thomas Carlson, Hailey’s language arts instructor, said, “Hailey is exactly the kind of artist the world needs. Undaunted by the time and effort it takes to hone skills, unafraid to take risks, committed to individual and community learning, Hailey uses their creativity to subvert limits and find solutions. In doing so, they find their voice, authentic and true. I look forward to seeing how Hailey raises their voice in the future!”

Hailey previously attended Anoka High School and was a student of Kevan Nitzberg, former visual art instructor in the Anoka-Hennepin School District.

Now in its 98th year, the Scholastic Art & Writing Awards are the nation’s longest-running and most prestigious scholarship and recognition program for young artists and writers in grades 7–12. The Awards serve as a launch pad for furthering students’ future success by providing them with access to scholarship programs and workshops, as well as the ability to have their work published and displayed in regional and national exhibitions. The National Ceremony is scheduled for June 9, 2021. The Portfolio Awards, made possible by generous individual donors and other supporters, offer $10,000 scholarships to 16 Gold Medal Portfolio recipients and $1,000 scholarships to 30 Silver Medal with Distinction Portfolio recipients. To learn more, and to find a complete list of the 2021 Scholastic Art & Writing Awards National Medalists, visit:

Chris Wisniewski, Executive Director of the Alliance for Young Artists & Writers, said: “The past twelve months have presented all of us – including our country’s teens – with unprecedented challenges. The extraordinary young people recognized in this year’s Scholastic Awards have crafted fresh, original work that grapples with the pandemic, racial and social justice, climate change, and more while also mining personal stories of triumph, loss, heartbreak, and growth. The National Medalists have blown us away with their ability to express themselves through inspired and inspiring art and writing; now more than ever, we need to hear the voices of these future leaders.”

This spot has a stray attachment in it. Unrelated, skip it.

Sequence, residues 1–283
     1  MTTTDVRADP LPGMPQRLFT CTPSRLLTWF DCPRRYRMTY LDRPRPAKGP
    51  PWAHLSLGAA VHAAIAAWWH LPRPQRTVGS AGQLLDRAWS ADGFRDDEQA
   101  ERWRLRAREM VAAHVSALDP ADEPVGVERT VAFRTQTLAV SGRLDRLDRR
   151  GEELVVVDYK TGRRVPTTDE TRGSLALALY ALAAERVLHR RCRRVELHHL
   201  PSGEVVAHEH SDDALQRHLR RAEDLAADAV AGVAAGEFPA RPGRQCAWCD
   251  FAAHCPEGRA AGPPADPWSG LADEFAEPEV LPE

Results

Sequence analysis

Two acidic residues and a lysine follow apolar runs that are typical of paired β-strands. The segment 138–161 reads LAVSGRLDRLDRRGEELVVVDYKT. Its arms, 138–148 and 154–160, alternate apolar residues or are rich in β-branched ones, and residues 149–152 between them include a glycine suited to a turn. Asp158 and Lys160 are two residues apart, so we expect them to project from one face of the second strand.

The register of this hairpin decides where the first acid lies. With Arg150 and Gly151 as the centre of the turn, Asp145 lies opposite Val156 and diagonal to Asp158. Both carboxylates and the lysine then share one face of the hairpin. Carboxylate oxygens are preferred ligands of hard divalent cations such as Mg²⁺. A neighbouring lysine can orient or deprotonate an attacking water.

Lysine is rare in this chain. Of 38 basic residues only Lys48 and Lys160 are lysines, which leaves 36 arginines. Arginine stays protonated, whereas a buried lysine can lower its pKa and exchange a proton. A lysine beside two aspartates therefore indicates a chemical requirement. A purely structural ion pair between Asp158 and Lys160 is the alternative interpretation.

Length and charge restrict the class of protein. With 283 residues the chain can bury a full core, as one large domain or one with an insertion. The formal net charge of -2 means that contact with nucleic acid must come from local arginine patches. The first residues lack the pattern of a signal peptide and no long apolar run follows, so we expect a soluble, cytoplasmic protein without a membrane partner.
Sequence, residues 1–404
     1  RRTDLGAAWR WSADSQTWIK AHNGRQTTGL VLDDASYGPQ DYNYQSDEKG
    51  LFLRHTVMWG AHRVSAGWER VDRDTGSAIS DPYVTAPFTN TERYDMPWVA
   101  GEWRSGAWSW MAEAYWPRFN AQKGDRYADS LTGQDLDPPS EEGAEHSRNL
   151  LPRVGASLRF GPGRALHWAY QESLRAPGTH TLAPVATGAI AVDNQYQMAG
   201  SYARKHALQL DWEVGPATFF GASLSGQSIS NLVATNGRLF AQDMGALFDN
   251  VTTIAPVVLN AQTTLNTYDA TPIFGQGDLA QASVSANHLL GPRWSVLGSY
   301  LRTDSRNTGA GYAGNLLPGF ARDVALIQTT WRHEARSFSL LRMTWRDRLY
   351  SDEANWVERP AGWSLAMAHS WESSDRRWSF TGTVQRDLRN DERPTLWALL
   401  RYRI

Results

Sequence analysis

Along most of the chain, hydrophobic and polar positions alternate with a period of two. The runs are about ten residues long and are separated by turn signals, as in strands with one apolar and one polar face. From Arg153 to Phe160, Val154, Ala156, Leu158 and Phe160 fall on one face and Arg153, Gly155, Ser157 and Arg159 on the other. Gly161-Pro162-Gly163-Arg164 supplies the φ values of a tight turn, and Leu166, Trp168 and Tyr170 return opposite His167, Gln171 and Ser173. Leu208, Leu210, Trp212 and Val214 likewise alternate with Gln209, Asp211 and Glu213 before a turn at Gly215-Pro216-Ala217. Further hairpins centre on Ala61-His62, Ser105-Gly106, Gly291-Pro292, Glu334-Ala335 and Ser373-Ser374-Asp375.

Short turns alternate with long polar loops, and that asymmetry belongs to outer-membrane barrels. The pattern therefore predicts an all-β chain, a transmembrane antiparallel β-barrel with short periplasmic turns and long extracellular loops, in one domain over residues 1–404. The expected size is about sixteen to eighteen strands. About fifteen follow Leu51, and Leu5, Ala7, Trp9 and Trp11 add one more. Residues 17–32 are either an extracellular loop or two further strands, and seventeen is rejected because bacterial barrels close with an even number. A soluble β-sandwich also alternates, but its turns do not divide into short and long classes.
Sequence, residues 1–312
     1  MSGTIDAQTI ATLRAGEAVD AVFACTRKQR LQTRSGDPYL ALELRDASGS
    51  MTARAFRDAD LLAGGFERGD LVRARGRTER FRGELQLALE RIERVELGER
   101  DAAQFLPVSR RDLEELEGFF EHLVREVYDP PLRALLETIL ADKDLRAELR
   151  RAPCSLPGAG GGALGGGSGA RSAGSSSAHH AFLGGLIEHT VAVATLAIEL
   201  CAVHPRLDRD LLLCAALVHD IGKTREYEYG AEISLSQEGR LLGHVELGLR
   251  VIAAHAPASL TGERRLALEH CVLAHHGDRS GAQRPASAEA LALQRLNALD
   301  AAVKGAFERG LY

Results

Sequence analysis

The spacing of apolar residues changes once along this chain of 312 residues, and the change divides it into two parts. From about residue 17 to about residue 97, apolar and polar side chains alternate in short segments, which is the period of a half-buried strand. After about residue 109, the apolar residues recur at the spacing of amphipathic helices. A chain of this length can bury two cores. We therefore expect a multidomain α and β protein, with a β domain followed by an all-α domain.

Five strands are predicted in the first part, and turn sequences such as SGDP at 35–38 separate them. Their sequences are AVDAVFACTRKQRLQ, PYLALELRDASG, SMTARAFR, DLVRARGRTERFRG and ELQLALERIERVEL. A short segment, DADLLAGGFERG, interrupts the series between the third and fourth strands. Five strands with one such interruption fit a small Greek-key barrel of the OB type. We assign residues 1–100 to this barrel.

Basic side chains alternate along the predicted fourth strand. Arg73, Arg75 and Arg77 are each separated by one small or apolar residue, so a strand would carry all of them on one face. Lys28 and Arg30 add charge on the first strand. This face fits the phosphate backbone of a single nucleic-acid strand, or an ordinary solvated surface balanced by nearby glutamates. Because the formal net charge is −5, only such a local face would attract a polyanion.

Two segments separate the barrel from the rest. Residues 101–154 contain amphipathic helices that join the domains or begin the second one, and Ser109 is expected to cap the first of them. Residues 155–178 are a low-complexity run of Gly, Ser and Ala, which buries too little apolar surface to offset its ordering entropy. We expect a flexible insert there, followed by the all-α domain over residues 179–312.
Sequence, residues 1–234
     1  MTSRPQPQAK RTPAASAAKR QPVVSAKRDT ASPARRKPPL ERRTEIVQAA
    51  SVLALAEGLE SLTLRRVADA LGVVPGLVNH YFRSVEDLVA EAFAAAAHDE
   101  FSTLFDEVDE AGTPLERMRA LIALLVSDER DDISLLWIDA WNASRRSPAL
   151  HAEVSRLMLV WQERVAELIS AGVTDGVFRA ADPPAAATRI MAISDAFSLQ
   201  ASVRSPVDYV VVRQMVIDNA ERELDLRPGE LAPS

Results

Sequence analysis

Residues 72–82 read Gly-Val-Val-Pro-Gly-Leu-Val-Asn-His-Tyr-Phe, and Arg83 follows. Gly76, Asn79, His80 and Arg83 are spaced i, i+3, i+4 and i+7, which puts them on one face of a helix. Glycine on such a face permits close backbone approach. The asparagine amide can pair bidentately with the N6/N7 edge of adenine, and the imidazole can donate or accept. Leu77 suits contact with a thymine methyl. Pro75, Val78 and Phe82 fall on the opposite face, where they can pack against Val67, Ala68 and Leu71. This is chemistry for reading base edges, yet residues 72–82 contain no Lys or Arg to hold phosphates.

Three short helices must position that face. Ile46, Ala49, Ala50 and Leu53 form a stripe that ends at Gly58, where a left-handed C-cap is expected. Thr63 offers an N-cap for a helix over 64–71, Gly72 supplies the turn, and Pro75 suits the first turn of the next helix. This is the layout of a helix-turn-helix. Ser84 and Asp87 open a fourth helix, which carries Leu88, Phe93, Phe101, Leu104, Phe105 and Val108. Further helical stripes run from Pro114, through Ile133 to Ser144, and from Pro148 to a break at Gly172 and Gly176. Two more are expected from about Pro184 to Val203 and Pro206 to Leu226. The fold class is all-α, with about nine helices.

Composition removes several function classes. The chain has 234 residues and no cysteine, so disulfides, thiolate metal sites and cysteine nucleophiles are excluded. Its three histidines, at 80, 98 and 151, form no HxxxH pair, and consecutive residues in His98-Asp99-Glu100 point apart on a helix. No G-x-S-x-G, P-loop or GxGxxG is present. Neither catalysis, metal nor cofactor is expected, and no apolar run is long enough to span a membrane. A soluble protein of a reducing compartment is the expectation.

This year, nearly 230,000 works were entered into the Awards by students from every state in the nation for adjudication. Students had the opportunity to enter any of the Awards’ 28 categories – including short story, fashion design, photography, memoir, printmaking, poetry, and novel writing – as well as a variety of sponsored award scholarships.

Judging Criteria
All art and writing submissions are blindly judged based on the same three criteria that have been in place since the program’s founding: originality, technical skill, and emergence of personal vision or voice. Student works are first adjudicated regionally through more than 100 local Affiliates of the Alliance. Students receiving Gold Keys, Silver Keys, Honorable Mentions, or American Visions & Voices Nominations are celebrated within their communities through exhibitions and ceremonies. Gold Key works are then judged nationally by an impressive panel of creative-industry experts to receive Gold, Silver, American Visions & Voices, and Gold or Silver with Distinction Portfolio Medals.

About the Scholastic Art & Writing Awards